We chose for a camping place Letart's Island (232 miles), on the West Virginia side, not far below Milwood. From the head, where our tent is pitched on a sandy knoll thick-grown to willows, a long gravel spit runs far over toward the Ohio shore. The West Virginia channel is narrow, slow and shallow; that between us and Ohio has been lessened by the island to half its usual width, and the current sweeps by at a six-mile gait, in which the Doctor and I found it difficult to keep our footing while having our customary evening dip. Our island is two long, forested humps of sand, connected by a stretch of gravel beach, giving every evidence of being submerged in times of flood; everywhere are chaotic heaps [pg 113] of driftwood, many cords in extent; derelict trees are lodged in the tops of the highest willows and maples—ghostly giants sprawling in the moonlight; there is an abandon of vegetable debris, layer after layer laid down in sandy coverlids. Wild grasses, which flourish on all these flooded lands, here attain enormous size. Dispensing with our cots for the nonce, we have spread our blankets over heaps of dried grass pulled from the monster tufts of last year's growth. The Ohio is capable of raising giant floods; it is still falling with us, but there are signs at hand, beyond the slight sprinkle which cooled the air for us at bedtime, of rainy weather after the long drouth. When the feeders in the Alleghanies begin to swell, we shall perch high o' nights.


Near Cheshire, O., Wednesday, May 16th.—The fine current at the island gave us a noble start this morning. The river soon widens, but Letart's Falls, a mile or two below, continue the movement, and we went fairly spinning on our way. These so-called falls, rapids rather, long possessed the imagination of early travelers. Some of the chroniclers have, while describing them, indulged in [pg 114] flights of fancy.A They are of slight consequence, however, even at this low stage of water, save to the careless canoeist who has had no experience in rapid water, well-strewn with sunken boulders. The scenery of the locality is wild, and somewhat impressive. The Ohio bank is steep and rugged, abounding in narrow little terraces of red clay, deeply gullied, and dotted with rough, mean shanties. It all had a forbidding aspect, when viewed in the blinding sun; but before we had passed, an intervening cloud cast a deep shadow over the scene, and, softening the effect, made the picture more pleasing.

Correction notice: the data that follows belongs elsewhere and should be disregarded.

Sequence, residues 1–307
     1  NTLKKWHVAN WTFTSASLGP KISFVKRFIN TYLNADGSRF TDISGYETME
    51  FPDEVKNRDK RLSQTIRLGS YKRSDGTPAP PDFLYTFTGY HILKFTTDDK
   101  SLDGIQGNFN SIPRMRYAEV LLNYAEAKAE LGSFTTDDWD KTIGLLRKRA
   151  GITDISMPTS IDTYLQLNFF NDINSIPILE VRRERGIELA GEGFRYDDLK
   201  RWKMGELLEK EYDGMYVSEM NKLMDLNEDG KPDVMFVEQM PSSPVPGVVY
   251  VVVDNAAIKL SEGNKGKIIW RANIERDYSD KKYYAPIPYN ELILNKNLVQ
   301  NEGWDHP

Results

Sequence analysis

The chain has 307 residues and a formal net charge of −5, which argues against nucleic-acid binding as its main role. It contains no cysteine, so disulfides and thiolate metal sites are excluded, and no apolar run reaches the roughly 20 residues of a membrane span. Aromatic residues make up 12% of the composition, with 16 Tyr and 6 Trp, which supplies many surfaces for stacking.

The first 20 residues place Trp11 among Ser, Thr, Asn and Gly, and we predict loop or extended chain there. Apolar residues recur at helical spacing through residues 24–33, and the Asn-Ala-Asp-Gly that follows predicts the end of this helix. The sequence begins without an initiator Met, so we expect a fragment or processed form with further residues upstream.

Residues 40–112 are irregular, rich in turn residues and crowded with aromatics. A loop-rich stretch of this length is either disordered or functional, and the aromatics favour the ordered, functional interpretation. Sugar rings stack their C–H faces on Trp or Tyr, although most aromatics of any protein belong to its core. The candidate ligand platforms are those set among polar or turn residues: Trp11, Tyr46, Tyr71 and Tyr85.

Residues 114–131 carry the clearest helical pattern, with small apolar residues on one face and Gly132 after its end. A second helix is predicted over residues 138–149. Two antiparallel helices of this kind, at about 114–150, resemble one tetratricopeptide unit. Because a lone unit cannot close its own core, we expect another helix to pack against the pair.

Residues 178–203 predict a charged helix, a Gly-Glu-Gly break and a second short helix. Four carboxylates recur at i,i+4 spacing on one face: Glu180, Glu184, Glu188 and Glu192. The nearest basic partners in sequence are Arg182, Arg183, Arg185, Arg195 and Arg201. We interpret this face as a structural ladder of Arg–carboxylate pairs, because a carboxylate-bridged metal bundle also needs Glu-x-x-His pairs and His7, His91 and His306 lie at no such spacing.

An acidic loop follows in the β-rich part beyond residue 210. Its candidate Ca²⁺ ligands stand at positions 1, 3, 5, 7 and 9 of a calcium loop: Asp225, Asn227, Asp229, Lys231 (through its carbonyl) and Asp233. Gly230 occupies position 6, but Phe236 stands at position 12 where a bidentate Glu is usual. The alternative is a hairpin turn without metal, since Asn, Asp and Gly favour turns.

Croghan was at Letart (1765), on one of his land-viewing trips for the Ohio Company, and tells us that he saw a "vast migrating herd" of buffalo cross the river here. In the beginning of colonization in this valley, buffalo and elk were to be seen in herds of astonishing size; traces of their well-beaten paths through the hills, and toward the salt licks of Kentucky [pg 115] and Illinois, were observable until within recent years. Gordon, an early traveler down the Ohio (1766), speaks of "great herds of buffalo, we observed on the beaches of the river and islands into which they come for air, and coolness in the heat of the day;" he commenced his raids on them a hundred miles below Pittsburg. Hutchins (1778) says, "the whole country abounds in Bears, Elks, Buffaloe, Deer, Turkies, &c."B Bears, panthers, wolves, eagles, and wild turkeys were indeed very plenty at first, but soon became extinct. The theory is advanced by Dr. Doddridge, in his Notes on Virginia, that hunters' dogs introduced hydrophobia among the wolves, and this ridded the country of them sooner than they would naturally have gone; but they were still so numerous in 1817, that the traveler Palmer heard them nightly, "barking on both banks."